The Centre for the New Oxford English Dictionary and Text Research serves as a focal point for studying text management within the context of the Database Research Group within the School of Computer Science, Faculty of Mathematics at the University of Waterloo.
In January 1985, the University of Waterloo established the Centre for the New OED to fulfill its obligations under an agreement with the Oxford University Press to computerize the OED. The fundamental goal of the Centre remains to support innovative research through the development of application-driven text management software.
In 1989, the Oxford University Press published the 20-volume Oxford English Dictionary, second edition. As a joint venture with the Press, the University of Waterloo designed an on-line dictionary database that is suitable for editors charged with maintaining the OED, lexicographers working on other dictionaries, and researchers who wish to consult the OED interactively.
The project adopted the philosophy of modern text markup systems that a computer-processable version of text is well-represented by interleaving ``tags'' with the text of the original document, still leaving the original words in proper sequence. In its simplest interpretation, by suppressing the tags we are left with the original text, and by converting the tags to formatting instructions we can produce a suitable presentation of the text.
The most visibly successful aspect of our research is embodied in the flexible and efficient search and display software. LECTOR is a general purpose browser that takes as input a stream of arbitrarilty tagged text and formats it to the screen through user-defined typography reflecting its structure. As a complementary software component, the PAT text search engine efficiently retrieves all occurrences of words or phrases appearing in the 570-megabyte OED in less than 1 second, and allows users to restrict queries and results to arbitrary structured text fragments. Used together, PAT and LECTOR form a powerful query facility for text-dominated databases.
While the research continues at the University, the tangible results are further developed and commercialized by Open Text Corporation, a spin-off company located in Waterloo.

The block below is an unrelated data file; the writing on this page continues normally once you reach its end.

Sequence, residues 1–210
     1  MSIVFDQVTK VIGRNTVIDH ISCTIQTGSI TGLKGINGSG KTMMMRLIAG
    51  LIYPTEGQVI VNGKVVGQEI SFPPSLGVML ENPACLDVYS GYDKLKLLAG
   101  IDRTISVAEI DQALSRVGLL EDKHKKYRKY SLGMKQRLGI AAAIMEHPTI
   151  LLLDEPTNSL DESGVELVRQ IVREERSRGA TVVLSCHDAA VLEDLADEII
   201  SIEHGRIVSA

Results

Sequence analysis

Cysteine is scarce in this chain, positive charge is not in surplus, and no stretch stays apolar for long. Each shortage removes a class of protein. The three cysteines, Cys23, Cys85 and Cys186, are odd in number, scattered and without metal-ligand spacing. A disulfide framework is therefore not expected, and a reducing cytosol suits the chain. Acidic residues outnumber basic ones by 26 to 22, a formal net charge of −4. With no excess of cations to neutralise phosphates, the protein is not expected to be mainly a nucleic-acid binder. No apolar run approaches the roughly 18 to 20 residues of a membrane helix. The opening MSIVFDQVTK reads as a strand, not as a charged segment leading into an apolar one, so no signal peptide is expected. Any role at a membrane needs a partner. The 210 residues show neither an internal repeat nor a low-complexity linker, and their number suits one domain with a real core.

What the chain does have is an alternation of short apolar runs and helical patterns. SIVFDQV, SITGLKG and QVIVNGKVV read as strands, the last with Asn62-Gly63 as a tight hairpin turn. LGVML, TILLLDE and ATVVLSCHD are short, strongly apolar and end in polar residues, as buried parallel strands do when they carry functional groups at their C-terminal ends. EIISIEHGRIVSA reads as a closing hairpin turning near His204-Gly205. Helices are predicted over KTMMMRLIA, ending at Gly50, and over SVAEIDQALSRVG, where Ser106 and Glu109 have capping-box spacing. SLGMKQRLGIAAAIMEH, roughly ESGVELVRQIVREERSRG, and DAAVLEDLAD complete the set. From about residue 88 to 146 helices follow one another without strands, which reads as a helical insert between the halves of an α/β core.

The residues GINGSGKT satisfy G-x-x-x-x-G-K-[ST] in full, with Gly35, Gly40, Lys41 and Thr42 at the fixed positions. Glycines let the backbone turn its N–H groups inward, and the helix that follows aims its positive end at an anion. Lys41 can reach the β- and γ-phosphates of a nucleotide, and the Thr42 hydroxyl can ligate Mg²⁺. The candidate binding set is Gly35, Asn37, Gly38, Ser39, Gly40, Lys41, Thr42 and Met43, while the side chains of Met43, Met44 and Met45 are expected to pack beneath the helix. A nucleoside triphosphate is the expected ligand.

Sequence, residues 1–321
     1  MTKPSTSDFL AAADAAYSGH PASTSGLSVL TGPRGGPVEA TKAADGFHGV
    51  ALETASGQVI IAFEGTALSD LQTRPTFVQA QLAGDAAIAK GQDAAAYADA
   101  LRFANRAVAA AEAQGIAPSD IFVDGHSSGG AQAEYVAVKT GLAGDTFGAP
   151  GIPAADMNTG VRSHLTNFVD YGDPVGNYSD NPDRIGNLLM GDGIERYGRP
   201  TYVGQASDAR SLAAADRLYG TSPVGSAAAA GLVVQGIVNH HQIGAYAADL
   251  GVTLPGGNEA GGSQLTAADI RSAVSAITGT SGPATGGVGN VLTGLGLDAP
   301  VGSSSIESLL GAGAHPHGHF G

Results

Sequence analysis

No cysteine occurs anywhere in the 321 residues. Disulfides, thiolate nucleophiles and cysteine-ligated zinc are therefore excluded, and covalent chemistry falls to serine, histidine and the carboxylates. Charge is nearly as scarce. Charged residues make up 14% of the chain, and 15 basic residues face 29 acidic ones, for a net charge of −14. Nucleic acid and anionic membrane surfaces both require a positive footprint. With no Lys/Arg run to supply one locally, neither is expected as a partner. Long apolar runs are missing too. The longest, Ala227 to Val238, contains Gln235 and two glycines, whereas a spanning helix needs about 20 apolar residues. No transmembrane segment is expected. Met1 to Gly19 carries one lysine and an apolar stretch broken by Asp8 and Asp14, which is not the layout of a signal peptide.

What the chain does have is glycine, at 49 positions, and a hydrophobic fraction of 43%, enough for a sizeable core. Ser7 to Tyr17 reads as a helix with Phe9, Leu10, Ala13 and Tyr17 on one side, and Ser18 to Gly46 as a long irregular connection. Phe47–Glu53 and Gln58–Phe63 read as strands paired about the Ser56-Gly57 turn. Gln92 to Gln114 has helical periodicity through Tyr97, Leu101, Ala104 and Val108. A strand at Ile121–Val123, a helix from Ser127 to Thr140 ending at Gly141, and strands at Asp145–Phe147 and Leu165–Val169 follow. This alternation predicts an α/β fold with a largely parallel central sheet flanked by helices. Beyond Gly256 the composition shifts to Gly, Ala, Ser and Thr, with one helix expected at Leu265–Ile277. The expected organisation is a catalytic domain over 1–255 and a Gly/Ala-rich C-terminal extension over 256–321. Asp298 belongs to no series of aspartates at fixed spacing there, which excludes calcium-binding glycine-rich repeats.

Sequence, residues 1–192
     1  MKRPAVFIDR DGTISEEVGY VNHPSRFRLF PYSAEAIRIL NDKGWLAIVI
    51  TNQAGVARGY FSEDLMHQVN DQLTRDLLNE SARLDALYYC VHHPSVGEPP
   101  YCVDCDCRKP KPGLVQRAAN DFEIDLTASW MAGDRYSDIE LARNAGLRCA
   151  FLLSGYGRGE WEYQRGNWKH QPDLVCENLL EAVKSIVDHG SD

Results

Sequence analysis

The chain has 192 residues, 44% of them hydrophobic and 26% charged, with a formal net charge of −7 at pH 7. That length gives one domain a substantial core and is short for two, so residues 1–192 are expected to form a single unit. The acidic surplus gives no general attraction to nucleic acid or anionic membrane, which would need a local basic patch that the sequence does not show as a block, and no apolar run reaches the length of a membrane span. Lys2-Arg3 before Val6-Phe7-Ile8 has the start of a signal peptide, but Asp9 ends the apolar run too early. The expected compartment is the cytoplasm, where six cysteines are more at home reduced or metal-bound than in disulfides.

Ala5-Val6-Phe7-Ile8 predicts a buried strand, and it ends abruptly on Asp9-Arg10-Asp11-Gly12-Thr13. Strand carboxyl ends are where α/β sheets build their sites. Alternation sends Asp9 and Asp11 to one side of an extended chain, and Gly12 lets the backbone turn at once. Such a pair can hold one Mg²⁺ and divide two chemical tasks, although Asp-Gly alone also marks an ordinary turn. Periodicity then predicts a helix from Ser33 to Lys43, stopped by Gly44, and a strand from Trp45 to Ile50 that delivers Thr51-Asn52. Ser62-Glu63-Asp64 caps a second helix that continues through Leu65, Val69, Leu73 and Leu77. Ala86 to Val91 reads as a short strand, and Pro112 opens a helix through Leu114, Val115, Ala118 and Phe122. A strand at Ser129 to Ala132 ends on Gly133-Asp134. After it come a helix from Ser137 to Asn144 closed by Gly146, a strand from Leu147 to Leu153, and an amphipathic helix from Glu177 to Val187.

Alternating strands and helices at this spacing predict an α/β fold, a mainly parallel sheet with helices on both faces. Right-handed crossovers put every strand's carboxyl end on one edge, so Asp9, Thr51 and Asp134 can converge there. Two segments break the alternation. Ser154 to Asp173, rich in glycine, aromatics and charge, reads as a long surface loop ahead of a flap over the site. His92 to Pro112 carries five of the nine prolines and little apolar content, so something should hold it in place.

The Centre was an active member of CSSC, the Canadian Strategic Software Consortium, formed in 1994 to conduct pre-competitive research leading to database management systems that integrate structured text and relational data.
Our prototype distributed federated database system allowed integrated data access via the Oracle (Oracle) and DB2 (IBM) relational database systems and the SearchServer (Fulcrum), PAT (Open Text), and MultiText (UW) text engines. A fundamental goal of this research is the creation of good standards for managing and manipulating text. Such standards encourage and facilitate software interoperability and thus cooperation between between software vendors, developers, and integrators.
Principal research interests include, but are not limited to:
This project explored the use of powerful retrieval engines that combine fast text search with the power of structured data retrieval to support resource discovery.
Currently users of the World Wide Web issue queries against one or more indexing sites and browse through long lists of page references. As the internet grows in size and as more and more data is not converted to HTML until requested by users via query forms, monolithic indexing of the Web becomes less effective in meeting users' needs. Locating information is better achieved by characterizing resources (that is, extracting profile templates that describe data sources and indexed data), distributing and communicating resulting descriptions, and flexibly searching multiple, diverse template databases.
A simple user query can be transmitted to several sites (chosen by an appropriate site selection process) by a program that sits behind the browser. At each site a backend program transforms the query into several queries specific to the particular index, issues the queries, and packages the query responses into an appropriately rich structure. The frontend then provides facilities to the browser for examining the structured response and preparing subsequent refinements to the queries. The goal is to help users to find specific query forms to be used in conjunction with specific data resources to serve their information needs.
The resulting infrastructure provides scalability in terms of sites, data volume and heterogeneity of document collections.
Professor Frank Tompa
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